PM Articles > Alan S. Koch > Agile Compromises: Being Agile in the Face of Reality

Agile Compromises: Being Agile in the Face of Reality

by Alan S. Koch, PMP

The Agile software development methods provide us with good practices that are based on a system of coherent Values and Principles. They are quite different from traditional software development approaches, but many organizations have found success with them. So how hard can it be to use them?

As many organizations have found, the challenges can be significant if they don't happen to be developing software in the Agile Sweet-Spot:

  • A single customer who is willing and able to collaborate with the Agile team
  • A project that consists of a single Agile team or a coordinated set of Agile teams
  • Requirements that can be worked out incrementally
  • A product that lends itself to incremental development and testing
  • Senior stakeholders and staff who are willing to deviate from the traditional ways of running software development projects
While the last item in that list can be addressed thru education, training, and a bit of process reengineering, the others can be more intractable.

A recent client found that this was their situation. As a software development team in a hardware manufacturer, they are one of two development teams on projects to develop new products that consist of both new hardware and new software. They recognized that a more agile approach could be beneficial to them. But they are about as far from the Agile Sweet-Spot as they can get!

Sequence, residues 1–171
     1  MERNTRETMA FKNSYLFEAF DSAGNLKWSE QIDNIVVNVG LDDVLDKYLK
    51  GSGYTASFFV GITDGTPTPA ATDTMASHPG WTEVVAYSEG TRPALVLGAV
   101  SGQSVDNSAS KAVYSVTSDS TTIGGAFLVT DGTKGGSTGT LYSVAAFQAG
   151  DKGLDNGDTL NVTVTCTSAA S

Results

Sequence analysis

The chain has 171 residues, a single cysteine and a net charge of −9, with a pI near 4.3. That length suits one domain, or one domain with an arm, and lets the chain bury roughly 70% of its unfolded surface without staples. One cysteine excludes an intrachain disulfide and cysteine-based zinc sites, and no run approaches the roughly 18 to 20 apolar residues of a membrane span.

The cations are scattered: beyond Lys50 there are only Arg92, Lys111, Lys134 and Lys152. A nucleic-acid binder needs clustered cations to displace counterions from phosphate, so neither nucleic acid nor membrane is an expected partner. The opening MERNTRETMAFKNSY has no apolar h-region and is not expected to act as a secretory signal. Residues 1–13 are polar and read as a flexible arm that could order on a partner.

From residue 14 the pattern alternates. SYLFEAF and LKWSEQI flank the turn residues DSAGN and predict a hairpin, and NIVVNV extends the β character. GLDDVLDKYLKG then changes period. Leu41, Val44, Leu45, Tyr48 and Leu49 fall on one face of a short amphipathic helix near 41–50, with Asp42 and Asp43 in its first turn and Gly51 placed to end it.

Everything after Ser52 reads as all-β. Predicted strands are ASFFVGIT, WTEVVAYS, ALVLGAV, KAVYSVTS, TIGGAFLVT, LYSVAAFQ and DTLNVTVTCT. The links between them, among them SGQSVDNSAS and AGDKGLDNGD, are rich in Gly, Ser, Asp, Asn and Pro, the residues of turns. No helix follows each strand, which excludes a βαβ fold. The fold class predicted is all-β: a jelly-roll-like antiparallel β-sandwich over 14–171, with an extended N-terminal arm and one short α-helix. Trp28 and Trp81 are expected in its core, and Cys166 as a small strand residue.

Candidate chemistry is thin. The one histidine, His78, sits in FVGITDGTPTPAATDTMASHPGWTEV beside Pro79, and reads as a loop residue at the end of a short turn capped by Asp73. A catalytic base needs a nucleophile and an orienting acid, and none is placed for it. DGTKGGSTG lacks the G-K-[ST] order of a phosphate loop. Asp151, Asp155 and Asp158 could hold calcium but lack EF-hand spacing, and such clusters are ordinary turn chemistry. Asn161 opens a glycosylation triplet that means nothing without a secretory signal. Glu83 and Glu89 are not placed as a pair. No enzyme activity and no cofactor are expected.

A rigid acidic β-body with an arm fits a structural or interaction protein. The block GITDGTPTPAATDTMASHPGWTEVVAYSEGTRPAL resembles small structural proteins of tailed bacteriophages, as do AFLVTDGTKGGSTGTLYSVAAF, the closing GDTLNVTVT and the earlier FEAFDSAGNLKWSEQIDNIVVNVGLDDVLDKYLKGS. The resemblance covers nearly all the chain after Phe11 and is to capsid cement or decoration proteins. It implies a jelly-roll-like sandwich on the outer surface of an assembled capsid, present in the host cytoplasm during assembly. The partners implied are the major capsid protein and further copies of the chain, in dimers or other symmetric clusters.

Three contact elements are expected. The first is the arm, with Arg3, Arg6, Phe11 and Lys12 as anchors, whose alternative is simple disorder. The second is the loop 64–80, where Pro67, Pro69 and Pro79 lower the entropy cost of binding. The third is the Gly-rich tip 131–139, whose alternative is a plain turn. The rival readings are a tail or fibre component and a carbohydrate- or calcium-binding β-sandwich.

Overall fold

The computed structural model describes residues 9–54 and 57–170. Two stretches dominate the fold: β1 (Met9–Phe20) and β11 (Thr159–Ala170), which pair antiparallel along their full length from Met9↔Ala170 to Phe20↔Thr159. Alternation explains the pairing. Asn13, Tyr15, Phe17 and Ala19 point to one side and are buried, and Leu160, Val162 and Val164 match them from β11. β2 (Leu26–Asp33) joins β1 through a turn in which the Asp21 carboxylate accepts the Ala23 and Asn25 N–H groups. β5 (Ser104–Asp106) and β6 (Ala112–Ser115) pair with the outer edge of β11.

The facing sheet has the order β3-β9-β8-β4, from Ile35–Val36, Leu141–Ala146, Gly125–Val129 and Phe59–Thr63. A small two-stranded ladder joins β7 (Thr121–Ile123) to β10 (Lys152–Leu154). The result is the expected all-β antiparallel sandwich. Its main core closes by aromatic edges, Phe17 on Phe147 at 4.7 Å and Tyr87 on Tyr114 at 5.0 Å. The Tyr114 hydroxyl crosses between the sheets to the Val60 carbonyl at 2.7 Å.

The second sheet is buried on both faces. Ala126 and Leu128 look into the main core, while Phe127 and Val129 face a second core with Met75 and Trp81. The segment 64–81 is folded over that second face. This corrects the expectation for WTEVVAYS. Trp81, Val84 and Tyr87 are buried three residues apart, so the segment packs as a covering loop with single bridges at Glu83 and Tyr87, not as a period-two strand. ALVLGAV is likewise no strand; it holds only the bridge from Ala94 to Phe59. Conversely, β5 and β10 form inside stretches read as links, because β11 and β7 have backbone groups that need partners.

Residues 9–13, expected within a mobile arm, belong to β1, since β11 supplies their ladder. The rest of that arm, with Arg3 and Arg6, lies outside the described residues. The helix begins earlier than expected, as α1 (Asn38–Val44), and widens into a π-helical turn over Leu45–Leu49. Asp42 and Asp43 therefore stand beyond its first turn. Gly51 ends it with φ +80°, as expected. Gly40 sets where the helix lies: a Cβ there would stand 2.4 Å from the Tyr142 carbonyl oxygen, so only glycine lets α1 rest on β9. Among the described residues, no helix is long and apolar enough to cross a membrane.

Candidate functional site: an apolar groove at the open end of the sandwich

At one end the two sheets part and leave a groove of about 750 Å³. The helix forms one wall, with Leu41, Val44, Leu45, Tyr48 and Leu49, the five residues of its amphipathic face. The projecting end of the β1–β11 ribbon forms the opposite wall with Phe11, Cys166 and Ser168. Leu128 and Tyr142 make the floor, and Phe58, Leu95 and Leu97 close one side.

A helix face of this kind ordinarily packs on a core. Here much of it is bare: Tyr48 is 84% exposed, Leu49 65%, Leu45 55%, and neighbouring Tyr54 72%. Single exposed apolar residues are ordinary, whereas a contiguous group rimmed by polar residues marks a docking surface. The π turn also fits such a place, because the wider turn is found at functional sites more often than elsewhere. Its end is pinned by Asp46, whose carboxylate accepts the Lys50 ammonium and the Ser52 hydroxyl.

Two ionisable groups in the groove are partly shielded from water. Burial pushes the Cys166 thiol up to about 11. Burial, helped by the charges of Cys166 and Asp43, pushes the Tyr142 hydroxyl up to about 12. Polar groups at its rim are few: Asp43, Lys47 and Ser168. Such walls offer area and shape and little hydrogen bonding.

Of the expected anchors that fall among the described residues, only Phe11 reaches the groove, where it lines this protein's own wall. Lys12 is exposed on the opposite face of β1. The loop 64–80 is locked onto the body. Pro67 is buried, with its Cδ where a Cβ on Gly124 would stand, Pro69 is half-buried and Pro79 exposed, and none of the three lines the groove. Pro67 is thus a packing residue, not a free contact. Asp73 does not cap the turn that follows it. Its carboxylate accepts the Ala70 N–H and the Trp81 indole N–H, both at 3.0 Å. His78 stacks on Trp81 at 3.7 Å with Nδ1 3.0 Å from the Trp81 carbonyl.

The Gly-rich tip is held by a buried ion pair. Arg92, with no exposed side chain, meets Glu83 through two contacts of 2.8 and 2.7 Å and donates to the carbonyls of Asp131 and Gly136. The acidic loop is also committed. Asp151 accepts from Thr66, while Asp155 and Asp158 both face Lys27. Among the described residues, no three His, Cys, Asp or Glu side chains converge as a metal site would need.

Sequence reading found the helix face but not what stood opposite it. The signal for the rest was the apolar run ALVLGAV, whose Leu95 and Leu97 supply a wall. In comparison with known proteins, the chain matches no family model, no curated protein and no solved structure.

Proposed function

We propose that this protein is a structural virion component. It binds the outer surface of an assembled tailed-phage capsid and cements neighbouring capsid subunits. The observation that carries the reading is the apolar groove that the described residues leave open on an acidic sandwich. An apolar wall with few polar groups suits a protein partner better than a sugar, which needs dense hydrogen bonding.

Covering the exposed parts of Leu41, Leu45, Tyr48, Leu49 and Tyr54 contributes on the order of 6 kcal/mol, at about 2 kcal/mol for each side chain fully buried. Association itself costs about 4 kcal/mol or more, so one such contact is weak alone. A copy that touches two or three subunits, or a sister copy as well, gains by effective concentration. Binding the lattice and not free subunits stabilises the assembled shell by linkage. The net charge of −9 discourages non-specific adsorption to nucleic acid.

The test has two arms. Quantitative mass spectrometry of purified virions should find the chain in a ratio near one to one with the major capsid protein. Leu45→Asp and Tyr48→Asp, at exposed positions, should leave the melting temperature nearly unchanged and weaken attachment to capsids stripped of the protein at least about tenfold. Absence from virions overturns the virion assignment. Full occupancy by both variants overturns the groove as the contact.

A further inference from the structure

• The ultimate customers for their products are inaccessible to them. The best Product Owners they could hope to identify are the Product Managers who define the products or the Systems Engineers who specify them. But neither of these groups is willing to work with the Agile team.
  • The other team on the project is doing hardware development using a traditional waterfall-ish approach. I'm not sure if hardware can be developed using an Agile approach, but that is a moot question, since the hardware team is not going to change any time soon.
  • The System Engineers develop a traditional Requirements Specification that defines the requirements in great detail and allocates those requirements to software or hardware.
  • The product cannot be tested until the end of the project when both the hardware and the software are available.